As part of a safety case for a subsea 13Cr pipeline, the operator wished to demonstrate that if a circumferential through wall crack developed, the crack would remain stable as a leak rather than growing to a full bore rupture. An initial fracture mechanics analysis had suggested that the margins on crack length were too small to make such a “leak before break” argument. This paper reports an integrated programme of small scale testing, numerical modelling and full scale testing which showed that a leak before break case could be made.
13Cr martensitic steel generally shows excellent toughness at the service temperature, as does the super duplex weld metal that was used for the girth welds. However, as the pipeline had been installed by reeling, there was some concern that the toughness may have been reduced. Hence a programme of fracture toughness testing was designed to generate tearing resistance curves for both as-received and pre-strained parent material and weld metal. Deep and shallow through thickness notched specimen geometries were tested to explore the effect of constraint on the toughness. Finite element analysis was used to predict the stress intensity for a range of crack lengths, including the effects of misalignment. Non-linear analyses were used to estimate the limit load for the cracked pipe. The test results were used as input to tearing analyses to Level 3 of BS 7910. These showed that the tolerable length of a through wall crack exceeded the length of anticipated defects by a factor of at least two.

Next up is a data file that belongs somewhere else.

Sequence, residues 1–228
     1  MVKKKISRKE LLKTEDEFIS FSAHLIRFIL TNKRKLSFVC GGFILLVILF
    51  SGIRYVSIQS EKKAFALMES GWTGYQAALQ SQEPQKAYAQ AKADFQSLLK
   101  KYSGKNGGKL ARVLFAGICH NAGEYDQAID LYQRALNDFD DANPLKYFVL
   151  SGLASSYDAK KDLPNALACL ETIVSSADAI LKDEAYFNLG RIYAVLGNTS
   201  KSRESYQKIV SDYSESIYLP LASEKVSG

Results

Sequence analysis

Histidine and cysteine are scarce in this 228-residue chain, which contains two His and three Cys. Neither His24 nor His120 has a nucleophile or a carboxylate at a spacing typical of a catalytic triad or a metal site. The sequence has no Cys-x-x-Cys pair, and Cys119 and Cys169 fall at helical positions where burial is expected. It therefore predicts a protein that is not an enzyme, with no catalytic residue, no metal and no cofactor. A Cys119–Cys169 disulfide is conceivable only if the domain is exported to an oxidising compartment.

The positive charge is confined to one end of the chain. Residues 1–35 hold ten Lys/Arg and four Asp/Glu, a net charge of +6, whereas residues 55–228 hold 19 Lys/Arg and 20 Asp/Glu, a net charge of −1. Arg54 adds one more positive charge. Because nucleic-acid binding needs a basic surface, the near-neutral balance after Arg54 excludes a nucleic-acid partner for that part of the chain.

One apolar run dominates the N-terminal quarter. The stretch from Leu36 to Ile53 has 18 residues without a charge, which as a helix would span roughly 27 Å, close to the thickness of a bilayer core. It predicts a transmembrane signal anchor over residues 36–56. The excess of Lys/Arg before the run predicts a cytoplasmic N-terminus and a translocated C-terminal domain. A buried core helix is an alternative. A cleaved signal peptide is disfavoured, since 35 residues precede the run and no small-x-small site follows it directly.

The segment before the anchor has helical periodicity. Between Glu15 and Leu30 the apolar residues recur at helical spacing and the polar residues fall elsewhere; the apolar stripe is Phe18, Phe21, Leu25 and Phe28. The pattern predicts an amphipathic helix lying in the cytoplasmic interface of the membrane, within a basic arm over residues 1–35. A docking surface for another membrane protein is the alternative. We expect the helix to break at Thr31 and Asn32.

To confirm the fracture mechanics predictions, two full scale tests were carried out. These used pressure cycling to grow a through wall crack by fatigue. These cracks were stable under an internal pressure equal to the pipeline design pressure. The cracked specimens were then axially loaded to failure. Extensive tearing occurred before final failure at loads above those predicted by the fracture analysis, confirming the conservatism of the predictions.